5 minutes with... Emily Frith
Emily Frith spoke to Ella Rhodes about CentreForum’s first report on children and young people’s mental health in England. Their research has shown that services turn away, on average, 34 per cent of children and teenagers referred to them by their GPs, teachers or others. This population also wait, on average, 10 months between referral and the start of treatment. The north/south divide seen in much health care is actually reversed in this case, with a higher level of expenditure in the north compared to the south and east of the country. The report also explores government policy on children’s mental health, such as the publication of Future in Mind – a transformation plan published in March 2015 along with a pledge of £1.25bn of funding over the next five years.
Were you surprised by the findings of your report?
The findings of our report confirm what we know anecdotally from the experience of many families and add to the evidence in previous reports such as the House of Commons Select Committee in 2014. So we were not surprised by the findings; nevertheless, our research brings clarity to an area which suffers from a lack of clear and consistent data.
What’s the impact on children, young people and their families on long waiting times and reduced access to services?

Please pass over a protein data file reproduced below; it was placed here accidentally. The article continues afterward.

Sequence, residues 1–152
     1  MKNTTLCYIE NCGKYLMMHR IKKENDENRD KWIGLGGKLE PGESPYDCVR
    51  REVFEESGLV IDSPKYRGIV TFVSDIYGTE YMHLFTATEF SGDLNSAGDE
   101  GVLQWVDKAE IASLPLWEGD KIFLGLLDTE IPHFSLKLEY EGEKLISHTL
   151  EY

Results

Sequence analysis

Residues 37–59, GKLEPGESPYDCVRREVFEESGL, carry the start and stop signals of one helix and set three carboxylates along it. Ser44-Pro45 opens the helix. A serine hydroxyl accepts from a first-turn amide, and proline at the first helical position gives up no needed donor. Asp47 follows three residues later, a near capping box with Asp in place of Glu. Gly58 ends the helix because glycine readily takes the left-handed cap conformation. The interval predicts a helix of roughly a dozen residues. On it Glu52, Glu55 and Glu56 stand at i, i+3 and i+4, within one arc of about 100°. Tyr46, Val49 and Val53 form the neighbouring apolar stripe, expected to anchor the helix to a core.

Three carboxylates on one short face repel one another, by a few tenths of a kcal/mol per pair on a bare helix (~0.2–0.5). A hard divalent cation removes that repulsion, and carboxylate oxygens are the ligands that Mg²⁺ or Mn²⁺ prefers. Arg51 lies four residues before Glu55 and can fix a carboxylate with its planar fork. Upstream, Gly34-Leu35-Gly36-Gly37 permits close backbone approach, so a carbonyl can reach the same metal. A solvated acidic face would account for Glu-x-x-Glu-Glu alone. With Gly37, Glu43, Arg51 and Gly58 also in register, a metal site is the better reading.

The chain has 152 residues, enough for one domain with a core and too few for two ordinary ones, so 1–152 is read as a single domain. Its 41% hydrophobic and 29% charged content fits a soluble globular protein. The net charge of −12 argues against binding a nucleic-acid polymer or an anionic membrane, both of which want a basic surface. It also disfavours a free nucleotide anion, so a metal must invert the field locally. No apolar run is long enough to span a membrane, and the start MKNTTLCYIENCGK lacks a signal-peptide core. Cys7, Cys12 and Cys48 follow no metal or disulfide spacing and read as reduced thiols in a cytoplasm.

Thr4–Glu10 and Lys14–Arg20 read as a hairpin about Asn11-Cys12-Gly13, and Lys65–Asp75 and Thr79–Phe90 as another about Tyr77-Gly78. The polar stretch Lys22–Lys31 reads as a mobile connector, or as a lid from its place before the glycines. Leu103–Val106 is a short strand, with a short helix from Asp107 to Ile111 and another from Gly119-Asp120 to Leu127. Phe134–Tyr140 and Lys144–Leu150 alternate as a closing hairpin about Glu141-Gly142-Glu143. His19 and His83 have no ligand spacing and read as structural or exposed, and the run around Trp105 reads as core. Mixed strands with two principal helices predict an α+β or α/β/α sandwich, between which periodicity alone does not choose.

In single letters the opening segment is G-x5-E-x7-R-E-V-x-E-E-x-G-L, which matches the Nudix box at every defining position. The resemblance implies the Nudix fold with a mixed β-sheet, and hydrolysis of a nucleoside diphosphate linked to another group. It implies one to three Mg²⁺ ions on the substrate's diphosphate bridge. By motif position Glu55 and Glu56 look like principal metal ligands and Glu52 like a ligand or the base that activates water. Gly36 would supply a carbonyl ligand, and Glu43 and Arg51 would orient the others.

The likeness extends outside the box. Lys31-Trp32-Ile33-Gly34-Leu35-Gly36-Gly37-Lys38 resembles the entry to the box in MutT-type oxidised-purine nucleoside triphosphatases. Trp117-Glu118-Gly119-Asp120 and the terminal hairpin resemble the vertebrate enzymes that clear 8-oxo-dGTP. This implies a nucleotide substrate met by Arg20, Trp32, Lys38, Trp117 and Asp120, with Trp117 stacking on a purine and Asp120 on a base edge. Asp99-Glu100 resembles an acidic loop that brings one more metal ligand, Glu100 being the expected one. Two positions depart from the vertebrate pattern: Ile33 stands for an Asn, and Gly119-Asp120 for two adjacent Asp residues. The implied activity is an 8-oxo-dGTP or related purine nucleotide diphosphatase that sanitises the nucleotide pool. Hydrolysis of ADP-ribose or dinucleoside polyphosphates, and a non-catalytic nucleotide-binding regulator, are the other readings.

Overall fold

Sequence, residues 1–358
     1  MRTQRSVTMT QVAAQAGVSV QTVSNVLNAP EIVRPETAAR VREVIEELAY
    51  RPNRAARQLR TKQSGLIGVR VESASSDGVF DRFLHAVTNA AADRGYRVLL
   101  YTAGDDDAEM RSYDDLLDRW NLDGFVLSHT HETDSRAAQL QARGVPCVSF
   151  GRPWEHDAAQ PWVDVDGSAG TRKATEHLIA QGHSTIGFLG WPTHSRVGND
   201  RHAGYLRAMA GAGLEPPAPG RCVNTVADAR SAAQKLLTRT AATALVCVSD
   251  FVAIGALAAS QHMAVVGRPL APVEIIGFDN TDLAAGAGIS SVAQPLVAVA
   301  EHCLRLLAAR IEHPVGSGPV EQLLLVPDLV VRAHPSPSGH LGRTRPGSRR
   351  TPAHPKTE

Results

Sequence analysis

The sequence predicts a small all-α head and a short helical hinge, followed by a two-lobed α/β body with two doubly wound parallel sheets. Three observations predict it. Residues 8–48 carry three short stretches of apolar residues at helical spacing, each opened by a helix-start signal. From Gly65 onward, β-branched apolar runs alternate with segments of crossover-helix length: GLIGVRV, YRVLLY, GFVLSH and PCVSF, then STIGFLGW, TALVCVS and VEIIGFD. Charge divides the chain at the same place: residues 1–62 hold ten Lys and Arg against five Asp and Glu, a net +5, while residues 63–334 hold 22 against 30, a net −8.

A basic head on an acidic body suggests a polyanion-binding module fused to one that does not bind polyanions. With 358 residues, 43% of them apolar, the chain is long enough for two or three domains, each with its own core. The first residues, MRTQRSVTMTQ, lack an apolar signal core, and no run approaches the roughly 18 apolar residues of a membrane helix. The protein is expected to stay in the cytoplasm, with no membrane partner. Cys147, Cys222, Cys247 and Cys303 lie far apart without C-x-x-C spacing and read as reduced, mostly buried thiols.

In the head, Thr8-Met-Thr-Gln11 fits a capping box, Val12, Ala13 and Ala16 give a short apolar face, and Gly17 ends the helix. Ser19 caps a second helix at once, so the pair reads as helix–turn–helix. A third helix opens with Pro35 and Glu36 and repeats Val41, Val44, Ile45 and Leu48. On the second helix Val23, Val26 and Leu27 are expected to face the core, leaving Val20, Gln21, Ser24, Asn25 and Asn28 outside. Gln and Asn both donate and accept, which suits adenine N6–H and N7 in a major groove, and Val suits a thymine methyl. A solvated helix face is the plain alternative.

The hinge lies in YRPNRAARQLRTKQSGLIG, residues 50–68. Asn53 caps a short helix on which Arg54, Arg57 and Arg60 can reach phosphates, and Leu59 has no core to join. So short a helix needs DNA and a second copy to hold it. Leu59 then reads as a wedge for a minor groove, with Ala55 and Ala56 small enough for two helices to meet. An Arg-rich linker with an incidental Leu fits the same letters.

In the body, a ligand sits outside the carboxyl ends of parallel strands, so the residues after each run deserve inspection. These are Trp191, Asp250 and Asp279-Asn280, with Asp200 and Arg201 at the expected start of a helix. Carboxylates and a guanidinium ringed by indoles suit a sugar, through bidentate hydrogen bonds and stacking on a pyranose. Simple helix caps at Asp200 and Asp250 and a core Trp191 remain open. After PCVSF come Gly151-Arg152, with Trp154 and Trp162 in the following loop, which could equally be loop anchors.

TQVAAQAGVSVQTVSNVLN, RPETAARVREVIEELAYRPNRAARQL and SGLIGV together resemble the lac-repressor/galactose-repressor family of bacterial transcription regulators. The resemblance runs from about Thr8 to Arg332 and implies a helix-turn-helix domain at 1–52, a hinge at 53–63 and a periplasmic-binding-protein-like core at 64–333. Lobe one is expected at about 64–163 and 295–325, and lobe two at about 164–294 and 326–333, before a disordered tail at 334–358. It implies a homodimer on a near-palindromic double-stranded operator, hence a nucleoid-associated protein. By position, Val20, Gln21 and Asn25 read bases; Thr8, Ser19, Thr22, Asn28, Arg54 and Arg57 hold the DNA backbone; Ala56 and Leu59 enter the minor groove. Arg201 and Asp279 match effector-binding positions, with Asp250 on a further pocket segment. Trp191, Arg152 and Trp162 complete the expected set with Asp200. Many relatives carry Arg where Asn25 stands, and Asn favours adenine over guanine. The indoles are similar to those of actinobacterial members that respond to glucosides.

There is very strong evidence that early intervention can have a significant impact on the life chances of children and young people with mental health problems. High thresholds for access to care and long waiting times prevent this early help and mean that children's conditions often get worse so that they reach crisis point by the time they are able to get the support they need.
Can you explain a little more about the future for CentreForum, what will you be looking into next?
CentreForum’s Children and Young People's Mental Health Commission will now explore progress since the publication of Future in Mind and will seek to identify the key barriers to transforming services. Our final report will set out clear recommendations to the government and highlight areas of promising practice. After the Commission has finished CentreForum will continue its programme of research into children and young people’s mental health care.
Do you expect the picture for CAMHS to improve over the next five years?
Given the investment of £1.25bn over the next five years it is to be hoped that the picture will improve over that time. There are risks inherent in any major national transformation process, however, and CentreForum is seeking to identify the key barriers that could prevent progress being made, in order to help inform the process of transformation in the months and years ahead.
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